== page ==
A new policy in Chelmsford that will prevent flying the Pride flag on town property is drawing protests from the local LBGTQ community.
The rainbow flag flew at the Chelmsford Center for the Arts, the senior center, and some of the town’s schools in June after the Board of Selectmen issued its first proclamation recognizing June as Pride Month in town. About 1,000 hand-held flags also were distributed.
But with some selectmen citing concerns the town could face lawsuits if it denied requests by other groups to display their flags, the board voted 4-1 on Sept. 9 for a new policy that bars any flag to be flown on town property except the American, Massachusetts, and Chelmsford flags, the POW/MIA flag, or a town department flag.
Maura Snow, who is the mother or an openly gay son — Town Meeting representative Patrick Snow — and who purchased the flags displayed in June, called the selectmen’s action “a slap in the face” to the town’s LBGTQ community.
“Kids all saw Pride flags in their schools and were happy about it. What are we going to say to them next June when they see no Pride flags?” Snow said. “They’ll be told the town doesn’t allow that.”
She said LGBTQ community members will be urging selectmen to reconsider the policy at its meeting on Monday, Sept. 23.
Snow believes selectmen responded to pressure, saying she had heard that some residents had threatened to sue if their flags were not also flown.
But selectmen chairman Kenneth Lefebvre said the policy was simply intended to protect Chelmsford from potential legal fights, citing previous lawsuits over seemingly minor town actions.
“Whether they are frivolous or not, we have to defend against them; it still costs taxpayers money,” he said, adding of the board, “It’s not our job to pick and choose” which flags to allow.
Lefebvre denied anyone threatened a lawsuit. He said some residents simply asked him if the town would allow other flags to fly — one of them mentioned as examples a “Blue Lives Matter” flag supporting police, a right-to-life flag, and cancer awareness flags. He said residents also warned the town could face legal risks, reinforcing his own concerns.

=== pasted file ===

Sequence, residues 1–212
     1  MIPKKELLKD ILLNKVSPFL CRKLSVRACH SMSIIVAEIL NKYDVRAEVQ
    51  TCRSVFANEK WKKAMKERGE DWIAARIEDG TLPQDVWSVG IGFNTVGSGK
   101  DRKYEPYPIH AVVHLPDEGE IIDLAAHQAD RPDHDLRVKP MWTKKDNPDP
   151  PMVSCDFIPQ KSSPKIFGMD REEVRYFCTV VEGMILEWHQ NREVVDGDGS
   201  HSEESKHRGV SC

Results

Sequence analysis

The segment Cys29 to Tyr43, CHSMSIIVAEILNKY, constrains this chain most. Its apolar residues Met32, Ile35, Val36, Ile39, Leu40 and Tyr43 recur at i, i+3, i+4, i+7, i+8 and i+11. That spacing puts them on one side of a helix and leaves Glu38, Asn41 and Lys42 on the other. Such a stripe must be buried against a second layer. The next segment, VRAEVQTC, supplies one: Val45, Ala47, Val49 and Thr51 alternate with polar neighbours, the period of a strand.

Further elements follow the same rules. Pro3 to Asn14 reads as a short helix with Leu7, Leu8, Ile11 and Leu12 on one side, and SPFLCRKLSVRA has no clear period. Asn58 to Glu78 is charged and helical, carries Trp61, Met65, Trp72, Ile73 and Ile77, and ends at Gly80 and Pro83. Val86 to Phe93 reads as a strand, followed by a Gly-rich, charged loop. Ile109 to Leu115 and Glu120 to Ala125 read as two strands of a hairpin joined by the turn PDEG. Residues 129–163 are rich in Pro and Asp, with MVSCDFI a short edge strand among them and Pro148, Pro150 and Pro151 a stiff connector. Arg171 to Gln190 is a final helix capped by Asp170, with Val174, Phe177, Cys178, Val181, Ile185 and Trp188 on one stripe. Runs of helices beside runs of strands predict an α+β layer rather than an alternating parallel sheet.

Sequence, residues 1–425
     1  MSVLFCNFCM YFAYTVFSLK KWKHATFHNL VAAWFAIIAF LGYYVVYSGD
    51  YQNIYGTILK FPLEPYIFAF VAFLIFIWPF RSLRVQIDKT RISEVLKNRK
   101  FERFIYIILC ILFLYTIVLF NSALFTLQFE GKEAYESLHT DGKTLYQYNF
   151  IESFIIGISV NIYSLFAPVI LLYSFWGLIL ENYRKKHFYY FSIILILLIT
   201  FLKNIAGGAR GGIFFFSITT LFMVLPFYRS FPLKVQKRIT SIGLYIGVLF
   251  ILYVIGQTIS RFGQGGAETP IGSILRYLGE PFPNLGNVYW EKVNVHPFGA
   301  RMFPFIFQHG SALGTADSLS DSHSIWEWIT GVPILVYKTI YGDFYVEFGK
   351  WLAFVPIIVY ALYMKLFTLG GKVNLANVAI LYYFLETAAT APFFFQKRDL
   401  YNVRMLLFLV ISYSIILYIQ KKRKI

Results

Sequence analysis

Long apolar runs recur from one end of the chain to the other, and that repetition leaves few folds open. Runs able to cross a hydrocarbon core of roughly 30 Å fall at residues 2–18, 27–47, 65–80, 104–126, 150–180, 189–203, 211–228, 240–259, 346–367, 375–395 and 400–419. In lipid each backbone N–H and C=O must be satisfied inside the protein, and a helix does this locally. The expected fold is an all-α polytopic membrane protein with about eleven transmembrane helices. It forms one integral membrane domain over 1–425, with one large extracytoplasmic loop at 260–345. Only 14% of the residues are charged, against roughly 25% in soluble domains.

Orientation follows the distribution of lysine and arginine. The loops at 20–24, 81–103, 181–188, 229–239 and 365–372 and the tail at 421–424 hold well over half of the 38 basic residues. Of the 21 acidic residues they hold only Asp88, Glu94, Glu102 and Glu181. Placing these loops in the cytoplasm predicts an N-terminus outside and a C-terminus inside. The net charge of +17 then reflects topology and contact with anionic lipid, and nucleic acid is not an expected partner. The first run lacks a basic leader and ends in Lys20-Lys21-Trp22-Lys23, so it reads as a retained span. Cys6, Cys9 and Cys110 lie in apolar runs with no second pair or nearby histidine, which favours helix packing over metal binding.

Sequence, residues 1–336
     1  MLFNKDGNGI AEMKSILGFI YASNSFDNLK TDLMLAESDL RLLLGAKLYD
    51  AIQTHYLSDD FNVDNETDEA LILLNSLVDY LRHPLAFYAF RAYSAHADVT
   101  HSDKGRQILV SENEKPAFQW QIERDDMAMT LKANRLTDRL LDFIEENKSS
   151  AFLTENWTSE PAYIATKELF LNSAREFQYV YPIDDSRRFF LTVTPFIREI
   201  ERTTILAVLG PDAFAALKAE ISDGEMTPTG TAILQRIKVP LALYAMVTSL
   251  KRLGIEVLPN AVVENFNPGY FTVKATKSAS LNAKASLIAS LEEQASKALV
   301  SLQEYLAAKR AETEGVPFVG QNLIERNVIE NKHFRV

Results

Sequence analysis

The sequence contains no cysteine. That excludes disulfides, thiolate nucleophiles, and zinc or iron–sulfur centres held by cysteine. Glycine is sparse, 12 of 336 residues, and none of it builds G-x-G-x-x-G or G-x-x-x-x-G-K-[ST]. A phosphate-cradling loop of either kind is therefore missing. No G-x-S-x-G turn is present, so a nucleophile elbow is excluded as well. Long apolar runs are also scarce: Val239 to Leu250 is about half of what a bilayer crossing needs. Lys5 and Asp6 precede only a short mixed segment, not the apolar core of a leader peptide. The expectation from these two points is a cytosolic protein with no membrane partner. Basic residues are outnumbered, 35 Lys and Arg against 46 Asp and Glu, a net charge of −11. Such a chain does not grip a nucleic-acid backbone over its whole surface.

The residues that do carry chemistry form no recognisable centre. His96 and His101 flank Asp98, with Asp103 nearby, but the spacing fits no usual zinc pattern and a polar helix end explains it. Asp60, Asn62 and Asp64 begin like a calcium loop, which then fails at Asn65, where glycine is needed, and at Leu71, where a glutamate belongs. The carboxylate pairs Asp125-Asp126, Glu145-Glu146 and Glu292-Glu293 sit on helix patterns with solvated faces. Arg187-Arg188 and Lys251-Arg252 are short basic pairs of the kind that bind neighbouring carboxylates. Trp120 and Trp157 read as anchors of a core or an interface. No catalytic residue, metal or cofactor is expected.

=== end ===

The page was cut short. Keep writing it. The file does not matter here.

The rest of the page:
“It doesn’t affect businesses, homeowners, churches, or others who want to fly Pride flags,” he said of the new policy. “If they want to fly them, that’s fine.”
But Selectwoman Emily Antul, who cast the sole vote against the new policy, said she was “horrified and ashamed” at the board’s action.
“After acknowledging the need to celebrate various aspects of our diversity, we then shut that down,” Antul said, an action she believes conveys the message that “We are going to keep this hidden. The flags are too noticeable.”
Corey Prachniak-Rincón, director of the Massachusetts Commission on LGBTQ Youth, said that “lots of other cities and towns fly Pride flags. . . . It happens all over the country. It’s a little odd they would be concerned about [lawsuits].”
Selectwoman Virginia Crocker Timmins said her support for the new policy was “not targeted at any one group,” but instead was based on her belief that “It’s not the place of municipal government to take stands on social justice or political issues.”
Observing that there are “far more issues” that people advocate for than there are months in the year, she added, “How do you start making those choices? It’s not a reflection of what I support or don’t support. I simply don’t feel it’s our role.”
John Laidler can be reached at email@example.com.